Soldiers learn mental robustness from D Day Veterans

British Army Mental Resilience Trainers visited D-Day Veterans at The Royal Hospital Chelsea to discuss how the Army's approach to mental health training has changed over the years.

Colour Sergeant Austin Lindsay, Royal Irish Regiment, and Bombardier Jimmy Elliot, 7 Para Royal Horse Artillery, are part of the team responsible for training Army recruits in mental resilience; giving soldiers the tools to help themselves and others deal with mental health issues. The two serving soldiers met with Chelsea pensioners to make the most of the wealth of knowledge Army Veterans have on the subject.

You help each other, don’t you? D-Day veteran, Bill Fitzgerald

D-Day veteran, Bill Fitzgerald, was injured in during the second World War.  He puts his own mental robustness partly down to growing up in London earlier in the war: "The Blitz toughened me up" he smiled, adding that the comradeship within the Army also played a role, "You help each other, don’t you? Having a laugh and a joke with your mates; you got on all right".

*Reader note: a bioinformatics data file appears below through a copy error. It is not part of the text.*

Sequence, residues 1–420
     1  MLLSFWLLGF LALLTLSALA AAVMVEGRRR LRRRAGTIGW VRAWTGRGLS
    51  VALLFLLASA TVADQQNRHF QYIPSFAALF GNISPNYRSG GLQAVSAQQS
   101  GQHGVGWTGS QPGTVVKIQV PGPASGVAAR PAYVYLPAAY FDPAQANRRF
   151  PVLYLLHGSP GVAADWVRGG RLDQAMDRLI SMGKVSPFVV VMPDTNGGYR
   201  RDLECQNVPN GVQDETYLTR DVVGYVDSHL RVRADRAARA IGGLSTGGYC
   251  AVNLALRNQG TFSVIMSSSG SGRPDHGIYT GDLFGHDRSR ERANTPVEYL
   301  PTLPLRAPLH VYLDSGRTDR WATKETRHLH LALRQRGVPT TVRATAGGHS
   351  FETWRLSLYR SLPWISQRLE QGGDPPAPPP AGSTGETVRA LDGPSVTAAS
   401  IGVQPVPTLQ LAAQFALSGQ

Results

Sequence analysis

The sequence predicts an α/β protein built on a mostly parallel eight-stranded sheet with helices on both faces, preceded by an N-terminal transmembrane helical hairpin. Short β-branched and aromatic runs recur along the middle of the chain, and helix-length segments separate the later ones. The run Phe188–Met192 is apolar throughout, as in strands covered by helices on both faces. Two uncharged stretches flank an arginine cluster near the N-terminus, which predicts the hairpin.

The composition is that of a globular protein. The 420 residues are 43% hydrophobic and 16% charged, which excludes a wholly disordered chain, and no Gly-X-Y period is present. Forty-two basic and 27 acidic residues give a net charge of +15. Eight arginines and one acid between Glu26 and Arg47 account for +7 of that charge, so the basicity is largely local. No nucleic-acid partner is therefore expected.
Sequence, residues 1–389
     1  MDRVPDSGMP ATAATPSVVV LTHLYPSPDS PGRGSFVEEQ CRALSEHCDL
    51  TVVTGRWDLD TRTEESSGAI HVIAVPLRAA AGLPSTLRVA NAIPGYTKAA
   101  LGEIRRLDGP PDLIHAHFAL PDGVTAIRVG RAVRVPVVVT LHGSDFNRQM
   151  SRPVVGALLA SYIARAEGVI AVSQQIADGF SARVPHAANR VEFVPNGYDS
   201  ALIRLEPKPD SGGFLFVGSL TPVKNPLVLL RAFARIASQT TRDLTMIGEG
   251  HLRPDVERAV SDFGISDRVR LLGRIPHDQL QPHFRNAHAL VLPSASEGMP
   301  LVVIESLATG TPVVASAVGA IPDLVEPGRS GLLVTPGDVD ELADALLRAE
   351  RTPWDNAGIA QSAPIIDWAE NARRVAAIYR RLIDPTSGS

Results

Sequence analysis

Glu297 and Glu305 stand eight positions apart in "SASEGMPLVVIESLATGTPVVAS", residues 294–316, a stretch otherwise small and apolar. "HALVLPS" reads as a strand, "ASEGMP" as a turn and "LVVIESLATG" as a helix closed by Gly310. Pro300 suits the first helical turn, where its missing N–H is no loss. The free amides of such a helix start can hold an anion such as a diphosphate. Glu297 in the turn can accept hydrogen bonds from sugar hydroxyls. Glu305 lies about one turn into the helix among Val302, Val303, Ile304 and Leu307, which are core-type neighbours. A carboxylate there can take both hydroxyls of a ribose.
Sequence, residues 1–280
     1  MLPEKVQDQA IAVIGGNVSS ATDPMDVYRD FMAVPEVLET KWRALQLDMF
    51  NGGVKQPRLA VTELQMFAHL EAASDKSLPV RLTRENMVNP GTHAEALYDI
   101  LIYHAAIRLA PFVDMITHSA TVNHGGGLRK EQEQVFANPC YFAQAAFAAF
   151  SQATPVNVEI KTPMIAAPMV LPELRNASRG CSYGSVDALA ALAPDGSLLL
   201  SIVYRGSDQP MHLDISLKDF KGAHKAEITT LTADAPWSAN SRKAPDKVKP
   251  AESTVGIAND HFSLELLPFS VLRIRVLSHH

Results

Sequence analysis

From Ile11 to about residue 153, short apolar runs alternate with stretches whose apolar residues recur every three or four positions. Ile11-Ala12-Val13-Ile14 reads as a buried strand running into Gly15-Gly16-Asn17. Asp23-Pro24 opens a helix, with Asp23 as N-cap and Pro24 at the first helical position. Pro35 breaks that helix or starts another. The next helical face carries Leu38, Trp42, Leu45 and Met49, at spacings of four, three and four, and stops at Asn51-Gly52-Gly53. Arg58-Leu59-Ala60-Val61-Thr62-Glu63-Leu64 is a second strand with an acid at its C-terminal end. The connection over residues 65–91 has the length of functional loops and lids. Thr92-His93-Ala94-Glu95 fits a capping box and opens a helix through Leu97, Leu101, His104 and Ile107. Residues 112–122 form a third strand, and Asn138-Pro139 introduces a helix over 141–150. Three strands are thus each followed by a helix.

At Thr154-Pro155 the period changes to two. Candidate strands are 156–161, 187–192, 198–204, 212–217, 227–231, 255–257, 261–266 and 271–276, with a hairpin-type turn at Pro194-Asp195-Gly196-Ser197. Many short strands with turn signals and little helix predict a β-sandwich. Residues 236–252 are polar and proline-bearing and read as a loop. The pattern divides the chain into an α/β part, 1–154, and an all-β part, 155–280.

Bill puts his recovery after the war down to support from his family and friends, particularly his wife, whom he described as his full-time counsellor.

"When we were demobilised and sent home, we were on our own, there was no counselling, your family does it. And the more people you talk to the better. And you've got to keep active if you can"